Past me held the belief of walking alone. While a lot of that was rooted in personal issues, I strongly believe that a part of it was influenced by where I’m situated. The United States is a culture of individualism and self-reliance — we are taught to prioritize ourselves over community.
It’s horrifying to walk alone. There’s a war on reproductive health. Books are being banned left and right. Gun violence is rampant and nothing is being done about it because our lives are disposable in the eyes of the state. In such a climate, how do we keep going? How can we carry this much collective trauma and fear? We can cope by daring to be un-American: turning to one another for support. Individualism (I like to say “self-obsessed selfishness”) is killing us. Community is the vehicle for healing, a tool for survival, and a key to liberation. Larry Mitchell’s The Faggots and Their Friends Between Revolutions, a manifesto/fable from 1977, teaches us this.
I’ll admit I didn’t know this book at all until a few months ago when someone introduced it to me. I borrowed it thinking it’d be hilarious to read in public spaces and have people give me questionable stares. Discarded after reading the first 20 pages, that mentality was replaced by the desire to build bridges. Mitchell’s book is pretty underground — a free and accessible PDF of it circulates among niche groups on the internet. Its status as a lowkey book allowed it to remain untainted, to exist as a relic for the people instead of a cog in capitalism’s machine. However, I think it’s finally time The Faggots and Their Friends Between Revolutions gets the recognition it deserves. A book focused on marginalized groups empowering one another needs to be a resource in community organizing and mutual aid.
Largely influenced by the author’s life in a queer commune called Lavender Hill and gay culture pre-HIV/AIDS, the book takes place in the dystopian empire Ramrod. “The men” are heteropatriarchal, fascist rulers of Ramrod that make it hard for “the faggots” and their friends. Poverty, chaos, and militarism are omnipresent in the fictional society, and revolution is long overdue. However, despite it all, the faggots still thrive by sticking together. They have parties under the moon with fairies, relish in orgies and “delicious orgasm juice,” and have feasts with the “women who love women.” They don’t call themselves faggots because of self-deprecation. Claiming the term comes from a place of agency and self-determination – the faggots are deliberately separating themselves from their oppressors. The term allows them to establish their comradery.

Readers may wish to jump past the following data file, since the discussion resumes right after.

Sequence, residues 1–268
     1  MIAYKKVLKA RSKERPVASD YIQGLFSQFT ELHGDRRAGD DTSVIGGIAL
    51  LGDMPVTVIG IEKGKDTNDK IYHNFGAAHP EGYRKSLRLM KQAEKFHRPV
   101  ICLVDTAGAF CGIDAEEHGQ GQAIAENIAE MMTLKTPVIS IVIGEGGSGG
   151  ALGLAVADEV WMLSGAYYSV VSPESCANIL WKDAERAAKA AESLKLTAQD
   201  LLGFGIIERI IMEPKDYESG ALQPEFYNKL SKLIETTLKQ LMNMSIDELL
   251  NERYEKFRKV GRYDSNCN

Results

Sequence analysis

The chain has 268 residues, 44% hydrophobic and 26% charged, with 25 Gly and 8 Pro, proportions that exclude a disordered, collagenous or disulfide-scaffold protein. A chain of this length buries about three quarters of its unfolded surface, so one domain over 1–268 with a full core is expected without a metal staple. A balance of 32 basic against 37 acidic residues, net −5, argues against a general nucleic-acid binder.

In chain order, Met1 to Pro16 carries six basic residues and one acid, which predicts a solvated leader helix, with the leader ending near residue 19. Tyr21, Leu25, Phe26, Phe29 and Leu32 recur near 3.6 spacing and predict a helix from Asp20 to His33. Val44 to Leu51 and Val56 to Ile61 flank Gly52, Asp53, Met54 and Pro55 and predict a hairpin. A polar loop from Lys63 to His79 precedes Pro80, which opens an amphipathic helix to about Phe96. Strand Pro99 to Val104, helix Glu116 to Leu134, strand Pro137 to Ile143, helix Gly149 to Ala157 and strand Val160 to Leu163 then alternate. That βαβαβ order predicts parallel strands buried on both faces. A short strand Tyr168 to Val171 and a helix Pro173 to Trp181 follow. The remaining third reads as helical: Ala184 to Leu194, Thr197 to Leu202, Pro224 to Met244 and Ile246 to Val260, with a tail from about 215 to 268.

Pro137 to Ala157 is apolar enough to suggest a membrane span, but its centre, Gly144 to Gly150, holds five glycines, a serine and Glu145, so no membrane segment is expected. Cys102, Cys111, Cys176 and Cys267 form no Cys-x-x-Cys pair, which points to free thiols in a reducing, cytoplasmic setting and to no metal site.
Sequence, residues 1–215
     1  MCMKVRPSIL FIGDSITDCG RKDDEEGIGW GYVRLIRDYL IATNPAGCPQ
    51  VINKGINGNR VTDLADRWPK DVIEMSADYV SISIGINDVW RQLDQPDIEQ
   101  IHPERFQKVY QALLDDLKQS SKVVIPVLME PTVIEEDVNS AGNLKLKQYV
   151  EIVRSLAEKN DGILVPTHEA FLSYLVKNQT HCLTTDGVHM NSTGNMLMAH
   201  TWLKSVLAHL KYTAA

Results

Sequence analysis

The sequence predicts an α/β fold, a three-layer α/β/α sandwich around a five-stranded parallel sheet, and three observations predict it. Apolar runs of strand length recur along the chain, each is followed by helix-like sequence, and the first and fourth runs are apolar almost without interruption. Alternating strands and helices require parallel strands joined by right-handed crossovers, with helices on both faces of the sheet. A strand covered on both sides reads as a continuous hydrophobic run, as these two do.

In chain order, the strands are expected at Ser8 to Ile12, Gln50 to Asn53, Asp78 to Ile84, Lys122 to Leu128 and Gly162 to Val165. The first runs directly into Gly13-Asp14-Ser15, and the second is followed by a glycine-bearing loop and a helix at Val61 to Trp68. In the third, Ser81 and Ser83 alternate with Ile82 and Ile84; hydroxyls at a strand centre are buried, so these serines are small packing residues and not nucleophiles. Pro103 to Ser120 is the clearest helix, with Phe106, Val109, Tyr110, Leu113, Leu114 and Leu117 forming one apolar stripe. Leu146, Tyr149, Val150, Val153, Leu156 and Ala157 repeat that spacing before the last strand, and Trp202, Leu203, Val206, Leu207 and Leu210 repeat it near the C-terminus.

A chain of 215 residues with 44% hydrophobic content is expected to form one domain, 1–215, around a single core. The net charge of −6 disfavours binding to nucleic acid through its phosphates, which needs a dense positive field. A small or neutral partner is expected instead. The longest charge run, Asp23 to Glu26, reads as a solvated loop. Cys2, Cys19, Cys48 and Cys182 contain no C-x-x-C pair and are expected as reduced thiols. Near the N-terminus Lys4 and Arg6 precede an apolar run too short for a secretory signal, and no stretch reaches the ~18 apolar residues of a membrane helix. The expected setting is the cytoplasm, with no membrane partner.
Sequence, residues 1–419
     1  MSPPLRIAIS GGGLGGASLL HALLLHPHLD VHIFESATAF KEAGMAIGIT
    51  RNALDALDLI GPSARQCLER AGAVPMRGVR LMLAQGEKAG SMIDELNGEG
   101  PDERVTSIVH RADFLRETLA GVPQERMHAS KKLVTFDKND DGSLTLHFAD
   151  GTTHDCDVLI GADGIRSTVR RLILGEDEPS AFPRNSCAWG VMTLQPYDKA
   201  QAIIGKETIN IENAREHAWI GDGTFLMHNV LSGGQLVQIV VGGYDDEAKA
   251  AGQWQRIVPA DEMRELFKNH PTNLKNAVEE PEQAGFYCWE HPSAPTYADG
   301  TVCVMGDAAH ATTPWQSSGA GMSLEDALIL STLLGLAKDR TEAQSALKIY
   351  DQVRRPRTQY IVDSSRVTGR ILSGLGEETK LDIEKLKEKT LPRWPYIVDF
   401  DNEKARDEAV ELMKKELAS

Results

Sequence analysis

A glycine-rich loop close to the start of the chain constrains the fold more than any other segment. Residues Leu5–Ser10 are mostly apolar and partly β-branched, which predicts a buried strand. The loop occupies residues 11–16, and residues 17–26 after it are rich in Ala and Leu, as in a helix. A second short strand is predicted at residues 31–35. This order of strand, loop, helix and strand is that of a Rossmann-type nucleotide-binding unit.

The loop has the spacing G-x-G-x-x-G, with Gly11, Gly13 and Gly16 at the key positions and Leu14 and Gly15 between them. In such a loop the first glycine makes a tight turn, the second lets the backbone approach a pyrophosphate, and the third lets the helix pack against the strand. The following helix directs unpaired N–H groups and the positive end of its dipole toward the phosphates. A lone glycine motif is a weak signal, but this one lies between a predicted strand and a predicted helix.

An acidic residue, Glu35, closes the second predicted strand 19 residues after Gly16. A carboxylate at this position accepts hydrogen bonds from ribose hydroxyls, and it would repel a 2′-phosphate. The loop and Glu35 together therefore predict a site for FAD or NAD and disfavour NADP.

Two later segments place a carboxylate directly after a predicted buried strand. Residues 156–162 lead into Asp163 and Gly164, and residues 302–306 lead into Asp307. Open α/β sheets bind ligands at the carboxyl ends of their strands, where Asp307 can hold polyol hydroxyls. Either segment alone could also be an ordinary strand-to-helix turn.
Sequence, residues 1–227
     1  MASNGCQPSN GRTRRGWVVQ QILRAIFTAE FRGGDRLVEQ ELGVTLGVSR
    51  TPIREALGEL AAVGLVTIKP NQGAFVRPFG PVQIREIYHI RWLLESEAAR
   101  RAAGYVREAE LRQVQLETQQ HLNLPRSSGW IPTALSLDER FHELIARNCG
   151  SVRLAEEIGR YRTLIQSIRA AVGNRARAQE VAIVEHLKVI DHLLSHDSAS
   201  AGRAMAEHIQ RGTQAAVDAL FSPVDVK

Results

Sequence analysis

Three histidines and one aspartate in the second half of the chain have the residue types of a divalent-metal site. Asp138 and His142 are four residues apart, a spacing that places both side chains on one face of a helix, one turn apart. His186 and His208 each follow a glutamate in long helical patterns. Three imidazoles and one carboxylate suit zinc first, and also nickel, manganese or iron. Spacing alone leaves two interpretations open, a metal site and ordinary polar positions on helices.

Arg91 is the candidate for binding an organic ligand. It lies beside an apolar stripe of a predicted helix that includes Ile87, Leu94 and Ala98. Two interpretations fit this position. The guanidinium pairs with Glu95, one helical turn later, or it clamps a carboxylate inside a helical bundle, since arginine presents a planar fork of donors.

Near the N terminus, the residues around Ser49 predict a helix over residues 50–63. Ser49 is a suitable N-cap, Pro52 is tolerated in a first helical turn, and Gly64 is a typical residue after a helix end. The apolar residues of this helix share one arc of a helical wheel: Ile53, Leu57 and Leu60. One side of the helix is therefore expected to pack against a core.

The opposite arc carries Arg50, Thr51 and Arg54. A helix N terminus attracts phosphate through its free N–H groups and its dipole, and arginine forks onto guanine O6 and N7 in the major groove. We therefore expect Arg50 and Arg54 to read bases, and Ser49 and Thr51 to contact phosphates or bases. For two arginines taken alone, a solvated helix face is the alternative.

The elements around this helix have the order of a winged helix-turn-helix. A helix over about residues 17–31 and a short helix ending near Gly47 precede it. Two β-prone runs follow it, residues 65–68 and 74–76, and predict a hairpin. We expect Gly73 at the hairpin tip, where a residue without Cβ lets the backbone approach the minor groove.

While fantastical scenes of ecstasy and psychedelic drawings from illustrator Ned Asta are distinct in The Faggots and Their Friends Between Revolutions, the book shines the most in its quiet moments. One of the characters, Heavenly Blue, falls into a deep depression due to his living conditions. What moved him toward a better mental state was accepting help from his friends:
“Lilac and Pinetree and Moonbeam and Loose Tomato and Hollyhock gathered. They held Heavenly Blue in their arms for days, they let him cry and stare and slobber and scream and be silent. They paid the bills and looked after the roof and watched the street for strange men and talked to the neighbors and Hollyhock kept himself happy. Their house filled up with comfort and routine and gladness until Heavenly Blue could no longer resist and became response-able again.”
His depression is a mirror of what many of us go through. Rent is too damn high and the 9-5 work system kills our spirits. Queer and trans people, BIPOC, disabled folks, and anyone else who’s ever been labeled as “other” can’t fucking live in peace and autonomy. How can anyone be expected to be a ray of sunshine when there are structures against your very existence? It’s underestimated how much systematic oppression threatens our mental health.
Of course, the book isn’t a perfect model for political action in 2022. Conversations on issues such as race and ableism are nonexistent. Mitchell doesn’t note that queer communities themselves are heterogeneous, and can mimic the oppression and exclusivity executed by heteropatriarchal institutions. The book’s concept was conceived from the lack of contemporary gay literature in the 1970s. While queer representation still has a long way to go, we’ve come far since 1977. If we want to move forward with intersectional and transnational frameworks, the book is, frankly, not a go-to. Like with all things, we can take the book and expand from it.
You don’t have to perform huge, elaborate actions to make a political difference. Sometimes it is enough to give your neighbor the space to cry. Cultivate, cherish, and support queer families. Take The Faggots and Their Friends Between Revolutions, a queer relic, and turn it into a step toward a revolutionized world.